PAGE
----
Alex Counts, president of Grameen Foundation USA, said these gifts strengthen the organization's ability to assist the world’s poorest people. “Grameen Foundation USA's goal is to reach five million of the world's poorest families with microfinance, and to ensure that at least half cross the poverty line by 2009,” said Mr. Counts. “I hope that this groundbreaking generosity will inspire other leaders in the world of business and finance to support Grameen Foundation USA and the microfinance sector. By combining the power of philanthropy with our initiative to tap capital markets for social investment capital, we hope to stimulate a major injection of funds into microfinance. ”
About Grameen Foundation USA
Grameen Foundation USA (GFUSA) is a global non-profit organization that combines microfinance, technology, and innovation to empower the world's poorest people to escape poverty. Founded in 1997, GFUSA has established a global network of 50 partners in 20 countries and has impacted an estimated 4.4 million lives in Asia, Africa, the Americas, and the Middle East.
The Foundation sprang from the Grameen Bank of Bangladesh. Grameen Bank was started in 1976 by an economics professor, Dr. Muhammad Yunus, who was convinced that women could break through poverty by taking tiny loans to start or expand tiny businesses. Today, Grameen Bank serves nearly 4 million borrowers, with 10,000 families escaping poverty every month. As strategic global partners, GFUSA and Grameen Bank share a common vision, knowledge and success models to accelerate the microfinance industry's impact on the world's poorest people. Dr. Yunus, the founder and director of Grameen Bank, is a founding and current board member of GFUSA. For more information on Grameen Foundation USA, please visit www.gfusa.org.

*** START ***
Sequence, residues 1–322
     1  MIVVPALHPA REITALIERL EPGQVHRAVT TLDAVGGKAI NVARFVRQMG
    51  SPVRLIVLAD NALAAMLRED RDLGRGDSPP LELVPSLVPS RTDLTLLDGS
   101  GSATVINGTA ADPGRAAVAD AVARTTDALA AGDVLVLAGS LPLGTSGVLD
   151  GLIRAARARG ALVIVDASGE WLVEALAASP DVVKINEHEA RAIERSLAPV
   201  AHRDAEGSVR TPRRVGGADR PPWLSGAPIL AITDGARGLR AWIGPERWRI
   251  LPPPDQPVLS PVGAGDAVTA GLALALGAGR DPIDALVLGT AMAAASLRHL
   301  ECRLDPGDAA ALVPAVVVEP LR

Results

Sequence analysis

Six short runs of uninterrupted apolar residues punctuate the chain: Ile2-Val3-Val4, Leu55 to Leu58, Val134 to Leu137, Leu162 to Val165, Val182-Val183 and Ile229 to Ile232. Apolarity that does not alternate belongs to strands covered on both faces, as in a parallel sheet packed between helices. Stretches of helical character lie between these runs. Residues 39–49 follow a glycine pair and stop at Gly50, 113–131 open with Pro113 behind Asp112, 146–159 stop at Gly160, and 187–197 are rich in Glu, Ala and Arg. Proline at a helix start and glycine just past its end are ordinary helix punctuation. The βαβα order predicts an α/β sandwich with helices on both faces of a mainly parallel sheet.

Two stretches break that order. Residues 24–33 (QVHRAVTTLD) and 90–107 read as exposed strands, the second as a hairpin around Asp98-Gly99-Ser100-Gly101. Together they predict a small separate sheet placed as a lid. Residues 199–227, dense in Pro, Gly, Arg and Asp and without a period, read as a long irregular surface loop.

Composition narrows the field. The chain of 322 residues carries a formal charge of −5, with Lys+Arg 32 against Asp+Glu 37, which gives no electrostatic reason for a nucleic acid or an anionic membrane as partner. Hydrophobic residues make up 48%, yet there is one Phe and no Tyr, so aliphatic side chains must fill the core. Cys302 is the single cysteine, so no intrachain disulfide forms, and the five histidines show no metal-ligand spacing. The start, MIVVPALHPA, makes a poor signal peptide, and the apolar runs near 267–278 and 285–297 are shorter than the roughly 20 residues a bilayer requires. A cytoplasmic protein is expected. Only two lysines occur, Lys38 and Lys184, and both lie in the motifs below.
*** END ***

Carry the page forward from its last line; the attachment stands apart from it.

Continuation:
About Janet McKinley and George Miller
George Miller, now retired after a 35 year career in the investment business, was Chairman of Capital Research Company and head of The American Balanced Fund. Janet McKinley recently retired as Chairman of The Income Fund of America. Both managed global mutual fund assets throughout their careers.
About Omidyar Network
Founded on the simple core belief that every individual has the power to make a difference, Omidyar Network seeks out investments that are "of the people, by the people, for the people." The organization's broad portfolio includes for-profit, nonprofit and public policy efforts. Since June 2004, the Network has funded organizations in a number of areas: microfinance, citizen journalism, open source, intellectual property, voting, software, and transparency in government. Using a diverse and collaborative approach, Omidyar Network intends to foster an environment where individuals can effectively pursue their passions, connect with others who share their interests, and discover their own power to make good things happen. To learn more, please visit http://www.omidyar.net.
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Source : http://www.prweb.com/releases/2005/6/prweb249349.htm